I love this snap of the Times Square New Year’s Eve celebration as 1963 gave way to ’64. What a seminal moment in which everyone and everything was about to change. A huge social tremor had either begun to be felt or would soon be felt. The whole world was about to shake and shudder.

JFK had been murdered only five weeks earlier. The Beatles were slated to arrive in New York City five weeks later (on 2.7.64). Bob Dylan had began to shake off his folkie and protest movement attitudes and would record Another Side of Bob Dylan in May ’64. The best films of ’63 pointed to social complexities and shadowed ambiguities (Hud, The Haunting, This Sporting Life, The Servant, Lilies of the Field, Contempt, The Birds, 8 and 1/2, The Leopard, Billy Liar, From Russia With Love). The Gulf of Tonkin incident was exactly eight months away. Roughly a year later Berkeley’s Free Speech Movement began, and thereby kicked off the wave of student protests that defined much of the ’60s and early ’70s.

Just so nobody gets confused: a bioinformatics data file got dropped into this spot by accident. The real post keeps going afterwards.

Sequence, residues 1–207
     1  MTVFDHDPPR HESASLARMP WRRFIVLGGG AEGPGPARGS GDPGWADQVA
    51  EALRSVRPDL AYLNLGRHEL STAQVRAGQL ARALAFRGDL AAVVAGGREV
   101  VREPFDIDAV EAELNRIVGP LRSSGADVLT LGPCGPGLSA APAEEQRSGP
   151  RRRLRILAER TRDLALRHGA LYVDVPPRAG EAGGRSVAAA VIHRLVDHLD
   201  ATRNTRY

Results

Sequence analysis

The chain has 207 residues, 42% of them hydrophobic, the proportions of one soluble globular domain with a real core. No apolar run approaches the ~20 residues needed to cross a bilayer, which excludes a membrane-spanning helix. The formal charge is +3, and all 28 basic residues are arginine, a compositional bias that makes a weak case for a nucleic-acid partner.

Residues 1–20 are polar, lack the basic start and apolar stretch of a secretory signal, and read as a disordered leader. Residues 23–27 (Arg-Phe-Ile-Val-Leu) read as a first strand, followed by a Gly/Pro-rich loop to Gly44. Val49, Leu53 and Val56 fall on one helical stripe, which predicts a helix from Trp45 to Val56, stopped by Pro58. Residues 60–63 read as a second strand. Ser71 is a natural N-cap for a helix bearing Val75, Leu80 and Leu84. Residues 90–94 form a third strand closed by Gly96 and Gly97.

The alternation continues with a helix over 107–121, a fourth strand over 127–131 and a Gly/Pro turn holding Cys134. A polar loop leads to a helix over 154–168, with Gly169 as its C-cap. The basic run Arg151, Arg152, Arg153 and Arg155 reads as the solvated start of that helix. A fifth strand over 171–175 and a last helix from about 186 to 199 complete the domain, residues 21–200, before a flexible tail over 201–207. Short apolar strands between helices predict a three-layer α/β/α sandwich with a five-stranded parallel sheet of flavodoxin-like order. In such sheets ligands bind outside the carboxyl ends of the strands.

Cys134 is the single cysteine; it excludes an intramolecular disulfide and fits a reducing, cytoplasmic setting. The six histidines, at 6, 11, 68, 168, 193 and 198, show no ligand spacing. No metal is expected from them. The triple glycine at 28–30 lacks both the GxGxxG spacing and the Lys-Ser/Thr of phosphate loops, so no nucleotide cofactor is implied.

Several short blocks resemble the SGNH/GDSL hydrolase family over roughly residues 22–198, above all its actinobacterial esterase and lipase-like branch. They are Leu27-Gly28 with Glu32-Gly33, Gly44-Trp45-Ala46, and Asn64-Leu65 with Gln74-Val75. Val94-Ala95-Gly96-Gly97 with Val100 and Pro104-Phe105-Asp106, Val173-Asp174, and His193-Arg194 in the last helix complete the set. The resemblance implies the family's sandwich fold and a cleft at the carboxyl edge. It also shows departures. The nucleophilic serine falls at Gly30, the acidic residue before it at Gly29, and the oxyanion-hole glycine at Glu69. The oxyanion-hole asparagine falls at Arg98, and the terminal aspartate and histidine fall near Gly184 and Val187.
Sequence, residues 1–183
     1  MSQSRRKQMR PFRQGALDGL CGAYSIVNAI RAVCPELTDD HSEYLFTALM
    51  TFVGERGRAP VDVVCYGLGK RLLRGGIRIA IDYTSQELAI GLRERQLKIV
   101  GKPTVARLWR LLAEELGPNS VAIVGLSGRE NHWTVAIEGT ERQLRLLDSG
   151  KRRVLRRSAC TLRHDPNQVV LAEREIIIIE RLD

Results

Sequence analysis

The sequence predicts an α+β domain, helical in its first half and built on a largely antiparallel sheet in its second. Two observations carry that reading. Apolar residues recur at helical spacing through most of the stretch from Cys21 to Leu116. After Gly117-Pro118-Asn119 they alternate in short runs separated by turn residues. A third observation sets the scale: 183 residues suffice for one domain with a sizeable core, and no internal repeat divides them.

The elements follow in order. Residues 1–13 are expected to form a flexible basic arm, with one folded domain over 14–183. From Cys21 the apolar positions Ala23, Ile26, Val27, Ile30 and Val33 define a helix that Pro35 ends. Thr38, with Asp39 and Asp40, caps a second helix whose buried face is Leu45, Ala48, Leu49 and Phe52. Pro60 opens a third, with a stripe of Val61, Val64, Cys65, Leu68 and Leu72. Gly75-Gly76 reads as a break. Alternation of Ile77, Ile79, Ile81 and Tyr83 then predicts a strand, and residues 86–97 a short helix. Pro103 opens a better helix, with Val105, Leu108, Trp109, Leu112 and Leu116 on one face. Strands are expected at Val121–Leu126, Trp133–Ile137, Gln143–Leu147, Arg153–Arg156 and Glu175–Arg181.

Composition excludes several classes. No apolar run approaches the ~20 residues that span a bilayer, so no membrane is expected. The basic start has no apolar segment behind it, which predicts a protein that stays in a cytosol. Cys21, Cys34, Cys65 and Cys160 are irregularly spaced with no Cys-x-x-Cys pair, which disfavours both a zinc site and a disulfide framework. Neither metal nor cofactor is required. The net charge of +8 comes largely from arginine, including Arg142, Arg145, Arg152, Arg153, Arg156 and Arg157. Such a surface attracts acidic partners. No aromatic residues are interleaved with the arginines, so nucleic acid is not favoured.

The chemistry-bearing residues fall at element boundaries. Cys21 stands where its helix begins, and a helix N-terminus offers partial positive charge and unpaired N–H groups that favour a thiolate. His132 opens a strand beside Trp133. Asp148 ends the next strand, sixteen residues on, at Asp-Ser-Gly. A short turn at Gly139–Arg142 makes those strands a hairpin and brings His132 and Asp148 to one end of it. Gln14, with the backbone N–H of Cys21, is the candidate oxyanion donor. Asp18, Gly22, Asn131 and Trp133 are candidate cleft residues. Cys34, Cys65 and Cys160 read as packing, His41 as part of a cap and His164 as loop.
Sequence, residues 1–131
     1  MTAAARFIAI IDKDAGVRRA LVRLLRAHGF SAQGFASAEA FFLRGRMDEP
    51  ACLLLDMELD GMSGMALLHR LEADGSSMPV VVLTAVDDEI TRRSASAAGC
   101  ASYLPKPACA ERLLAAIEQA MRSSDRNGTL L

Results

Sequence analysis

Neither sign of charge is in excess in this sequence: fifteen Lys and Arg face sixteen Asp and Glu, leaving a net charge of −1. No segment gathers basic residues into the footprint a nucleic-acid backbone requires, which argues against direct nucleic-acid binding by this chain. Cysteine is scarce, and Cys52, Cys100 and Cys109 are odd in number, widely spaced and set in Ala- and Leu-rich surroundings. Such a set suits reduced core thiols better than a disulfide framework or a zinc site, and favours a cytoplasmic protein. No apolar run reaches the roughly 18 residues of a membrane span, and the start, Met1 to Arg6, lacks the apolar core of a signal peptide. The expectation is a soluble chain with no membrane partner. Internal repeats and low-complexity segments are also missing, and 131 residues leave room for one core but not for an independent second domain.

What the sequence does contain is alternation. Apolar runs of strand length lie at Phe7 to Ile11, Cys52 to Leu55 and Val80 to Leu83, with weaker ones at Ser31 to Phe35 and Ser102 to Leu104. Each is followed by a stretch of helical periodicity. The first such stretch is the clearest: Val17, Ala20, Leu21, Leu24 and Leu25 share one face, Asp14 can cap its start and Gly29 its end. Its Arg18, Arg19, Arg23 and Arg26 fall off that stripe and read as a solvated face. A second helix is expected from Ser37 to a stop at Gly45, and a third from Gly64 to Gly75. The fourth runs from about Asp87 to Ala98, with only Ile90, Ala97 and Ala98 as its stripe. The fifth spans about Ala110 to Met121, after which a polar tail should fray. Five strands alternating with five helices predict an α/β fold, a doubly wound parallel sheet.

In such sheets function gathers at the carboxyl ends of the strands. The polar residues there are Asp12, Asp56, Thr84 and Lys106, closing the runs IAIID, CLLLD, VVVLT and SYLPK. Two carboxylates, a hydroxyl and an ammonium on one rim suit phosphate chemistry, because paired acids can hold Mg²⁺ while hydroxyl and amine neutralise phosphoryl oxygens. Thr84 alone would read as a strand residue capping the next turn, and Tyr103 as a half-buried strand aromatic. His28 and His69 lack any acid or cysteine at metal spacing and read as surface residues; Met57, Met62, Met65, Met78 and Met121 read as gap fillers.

The era of Doris Day was finished and she probably didn’t know it at the time, although Move Over Darling! costars James Garner and Chuck Connors (playing the Cary Grant and Randolph Scott roles) probably had an inkling.

No more cultural earthquake moments would happen during the remainder of the 20th Century. But three would happen during the first 17 years of the 21st Century — the 9/11/01 World Trade Center attacks, the election of Barack Obama in November ’08, and the election of Donald Trump in November ’16.

Since that last milestone life in these United States has been a steady drip-drip-drip of hell, more or less. I would almost have the tumultuous ’60s and ’70s all over again. Did we live in a calmer, more humane, less anguished country back then? Perhaps not, but every so often I dream of a life without wokesters or Covid, and a tear forms in my eye.